The Age of Innocence

(Martin Scorsese, USA, 1993)


Is there a big-budget Hollywood movie of the 1980s or '90s anywhere near as extraordinary as Martin Scorsese's The Age of Innocence?

The film is a miracle: emotionally intense, artistically adventurous, completely unique in its tone and texture. Scorsese and writer Jay Cocks have taken Edith Wharton's examination of social mores in turn of the century New York and turned it into a true cinema melodrama, paying profound homage to classics by Michael Powell (The Red Shoes, 1948), Max Ophuls (Madame De., 1953) and Luchino Visconti (The Leopard, 1963).

The film came as something of a shock to those (including myself) who worship previous Scorsese masterpieces such as Raging Bull (1980) and Goodfellas (1990). These films derived their power from a special tension, a contradiction between the profane, socially determined behaviour of Scorsese's anti-heroes, and the sacred themes and euphoric emotions to which their actions gave rise.

The Age of Innocence profoundly alters this equation, for all the energy and rapture of the story is sublimated, and comes to suffuse bodies, events and objects in a trembling, fragile way.

The story of Newland (Daniel Day-Lewis, giving a deeply soulful performance) is not a happy one. Vacillating between his vacuous fiancée May (Winona Ryder) and the mysterious outcast Ellen (Michelle Pfeiffer), Newland dreams of a better life but cannot reach out to it. All the characters are imprisoned by the protocols, codes and vicious double binds of their fading, aristocratic world. In a sense, the film takes the female Gothic story beloved of 1940s Hollywood – a heroine trapped and forced to sacrifice all for family duty – and neatly inverts it into a chillingly tragic male melodrama.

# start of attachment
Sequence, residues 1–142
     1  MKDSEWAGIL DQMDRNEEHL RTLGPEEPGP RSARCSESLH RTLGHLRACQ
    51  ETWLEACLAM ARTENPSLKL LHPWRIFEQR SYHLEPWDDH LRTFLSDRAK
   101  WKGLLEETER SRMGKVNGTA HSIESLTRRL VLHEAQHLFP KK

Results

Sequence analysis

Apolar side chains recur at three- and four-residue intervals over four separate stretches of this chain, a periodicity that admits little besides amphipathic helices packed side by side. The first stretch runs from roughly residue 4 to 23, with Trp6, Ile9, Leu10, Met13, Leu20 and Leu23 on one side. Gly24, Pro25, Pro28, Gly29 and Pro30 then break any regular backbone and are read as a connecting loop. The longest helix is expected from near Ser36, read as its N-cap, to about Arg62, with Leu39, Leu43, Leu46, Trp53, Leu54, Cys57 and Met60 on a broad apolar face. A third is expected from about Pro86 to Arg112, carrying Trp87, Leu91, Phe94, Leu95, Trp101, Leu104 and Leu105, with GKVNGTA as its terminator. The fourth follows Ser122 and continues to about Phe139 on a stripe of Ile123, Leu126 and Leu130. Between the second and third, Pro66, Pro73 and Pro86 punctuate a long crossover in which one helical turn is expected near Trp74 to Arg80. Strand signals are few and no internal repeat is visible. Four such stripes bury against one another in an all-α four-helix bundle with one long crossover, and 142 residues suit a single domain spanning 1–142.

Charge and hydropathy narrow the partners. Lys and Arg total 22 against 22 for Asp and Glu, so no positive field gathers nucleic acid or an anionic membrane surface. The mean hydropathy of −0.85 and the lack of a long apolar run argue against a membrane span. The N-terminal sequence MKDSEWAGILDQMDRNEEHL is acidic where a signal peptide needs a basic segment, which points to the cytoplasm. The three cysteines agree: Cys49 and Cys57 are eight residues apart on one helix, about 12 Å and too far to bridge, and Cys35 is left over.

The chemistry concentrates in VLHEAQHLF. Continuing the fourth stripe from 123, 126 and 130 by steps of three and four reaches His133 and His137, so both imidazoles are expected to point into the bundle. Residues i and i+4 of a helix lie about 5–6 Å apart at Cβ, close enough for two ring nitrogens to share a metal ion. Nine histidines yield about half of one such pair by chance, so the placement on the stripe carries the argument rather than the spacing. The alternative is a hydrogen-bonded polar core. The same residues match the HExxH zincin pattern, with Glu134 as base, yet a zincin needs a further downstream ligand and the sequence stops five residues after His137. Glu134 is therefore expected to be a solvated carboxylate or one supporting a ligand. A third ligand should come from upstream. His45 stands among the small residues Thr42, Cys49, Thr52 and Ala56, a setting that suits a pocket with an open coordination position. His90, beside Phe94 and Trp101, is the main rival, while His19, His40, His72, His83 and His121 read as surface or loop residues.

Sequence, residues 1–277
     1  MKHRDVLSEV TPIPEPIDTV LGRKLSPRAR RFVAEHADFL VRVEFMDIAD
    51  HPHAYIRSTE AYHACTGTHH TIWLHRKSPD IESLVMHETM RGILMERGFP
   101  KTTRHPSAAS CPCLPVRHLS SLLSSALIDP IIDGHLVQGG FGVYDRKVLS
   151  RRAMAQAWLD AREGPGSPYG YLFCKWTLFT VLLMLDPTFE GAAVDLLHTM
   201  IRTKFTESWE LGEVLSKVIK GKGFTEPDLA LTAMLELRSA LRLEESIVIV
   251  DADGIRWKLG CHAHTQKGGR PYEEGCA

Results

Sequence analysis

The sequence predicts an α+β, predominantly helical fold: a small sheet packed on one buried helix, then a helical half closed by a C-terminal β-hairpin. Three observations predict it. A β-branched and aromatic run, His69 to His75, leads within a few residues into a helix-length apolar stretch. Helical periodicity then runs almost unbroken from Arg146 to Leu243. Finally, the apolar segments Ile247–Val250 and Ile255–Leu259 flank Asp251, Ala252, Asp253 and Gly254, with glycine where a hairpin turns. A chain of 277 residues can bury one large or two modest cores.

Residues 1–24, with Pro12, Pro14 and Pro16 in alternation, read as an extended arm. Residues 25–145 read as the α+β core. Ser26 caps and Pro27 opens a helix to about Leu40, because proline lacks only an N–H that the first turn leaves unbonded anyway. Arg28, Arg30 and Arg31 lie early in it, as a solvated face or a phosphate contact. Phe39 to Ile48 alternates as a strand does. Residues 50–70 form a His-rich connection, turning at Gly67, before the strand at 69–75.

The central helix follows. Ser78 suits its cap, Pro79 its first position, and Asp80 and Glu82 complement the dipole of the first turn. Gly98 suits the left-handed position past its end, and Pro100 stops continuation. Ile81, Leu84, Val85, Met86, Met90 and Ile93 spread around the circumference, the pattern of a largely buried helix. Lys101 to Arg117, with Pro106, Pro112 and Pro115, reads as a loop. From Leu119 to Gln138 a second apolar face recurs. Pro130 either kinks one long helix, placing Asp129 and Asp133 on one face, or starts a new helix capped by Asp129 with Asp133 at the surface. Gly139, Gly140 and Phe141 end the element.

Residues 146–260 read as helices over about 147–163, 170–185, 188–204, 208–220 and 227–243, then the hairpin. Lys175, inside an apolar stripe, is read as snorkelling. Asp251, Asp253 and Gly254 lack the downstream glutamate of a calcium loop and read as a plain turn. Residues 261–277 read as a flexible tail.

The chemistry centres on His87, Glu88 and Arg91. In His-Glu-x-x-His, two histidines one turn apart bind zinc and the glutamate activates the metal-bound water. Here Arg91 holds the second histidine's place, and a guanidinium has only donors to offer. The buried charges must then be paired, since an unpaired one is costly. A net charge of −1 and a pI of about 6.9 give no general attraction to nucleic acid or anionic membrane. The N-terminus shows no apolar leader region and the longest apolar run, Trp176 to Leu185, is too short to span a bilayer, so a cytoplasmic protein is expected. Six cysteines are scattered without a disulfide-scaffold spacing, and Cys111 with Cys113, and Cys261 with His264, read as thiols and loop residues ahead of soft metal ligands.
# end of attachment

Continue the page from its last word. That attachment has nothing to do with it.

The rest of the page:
Those critics who have described the film, whether in damnation or praise, as 'in the style of' Merchant Ivory productions such as Howards End (1992) are way off the mark. The costumes and interiors may be lush, but repeated viewing reveals how utterly idiosyncratic Scorsese's stylistic choices are. The angles, gestures and dramatic rhythms are spellbinding in their strangeness, more akin to the experimental cinema of Chantal Akerman than any quality arthouse confection. Only those who can totally surrender themselves to Scorsese's commanding vision will really experience the emotional depth-charge of The Age of Innocence.

MORE Scoresese: The Aviator, The Blues, Bringing Out the Dead, Cape Fear, The King of Comedy, Kundun, Rolling Thunder Revue, Casino, The Irishman, After Hours, Raging Bull, The Last Temptation of Christ

MORE stately literary classics: The Golden Bowl, The Remains of the Day, Mansfield Park

© Adrian Martin August 1994

Film Critic: Adrian Martin
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